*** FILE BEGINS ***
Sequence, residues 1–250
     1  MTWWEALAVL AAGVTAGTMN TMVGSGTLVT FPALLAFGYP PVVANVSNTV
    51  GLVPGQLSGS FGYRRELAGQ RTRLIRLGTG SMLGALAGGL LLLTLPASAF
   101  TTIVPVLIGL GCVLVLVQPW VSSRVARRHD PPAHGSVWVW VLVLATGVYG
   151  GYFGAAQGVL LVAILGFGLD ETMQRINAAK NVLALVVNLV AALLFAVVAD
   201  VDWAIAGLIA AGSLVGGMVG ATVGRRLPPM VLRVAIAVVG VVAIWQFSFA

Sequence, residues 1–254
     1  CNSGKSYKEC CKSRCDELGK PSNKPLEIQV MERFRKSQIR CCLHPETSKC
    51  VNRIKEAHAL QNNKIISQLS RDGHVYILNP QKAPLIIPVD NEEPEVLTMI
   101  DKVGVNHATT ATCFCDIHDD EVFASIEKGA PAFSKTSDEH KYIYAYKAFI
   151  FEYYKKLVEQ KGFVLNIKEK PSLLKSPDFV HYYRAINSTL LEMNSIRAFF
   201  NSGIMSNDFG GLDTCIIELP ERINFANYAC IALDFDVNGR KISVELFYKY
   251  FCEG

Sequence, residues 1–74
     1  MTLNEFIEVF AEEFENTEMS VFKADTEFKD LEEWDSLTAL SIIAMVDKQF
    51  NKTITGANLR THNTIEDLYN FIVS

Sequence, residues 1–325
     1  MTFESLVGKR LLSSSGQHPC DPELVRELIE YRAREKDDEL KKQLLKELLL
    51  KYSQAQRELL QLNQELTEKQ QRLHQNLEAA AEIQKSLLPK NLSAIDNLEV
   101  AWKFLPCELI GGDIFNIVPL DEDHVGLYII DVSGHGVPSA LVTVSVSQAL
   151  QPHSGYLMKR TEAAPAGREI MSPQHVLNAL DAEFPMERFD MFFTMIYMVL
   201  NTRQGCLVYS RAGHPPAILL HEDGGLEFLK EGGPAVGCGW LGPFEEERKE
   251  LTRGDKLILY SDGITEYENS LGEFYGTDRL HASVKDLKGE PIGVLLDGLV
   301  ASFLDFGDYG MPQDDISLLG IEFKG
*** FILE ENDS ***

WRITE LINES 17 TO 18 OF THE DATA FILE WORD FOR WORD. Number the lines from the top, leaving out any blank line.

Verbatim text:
Sequence, residues 1–325
     1  MTFESLVGKR LLSSSGQHPC DPELVRELIE YRAREKDDEL KKQLLKELLL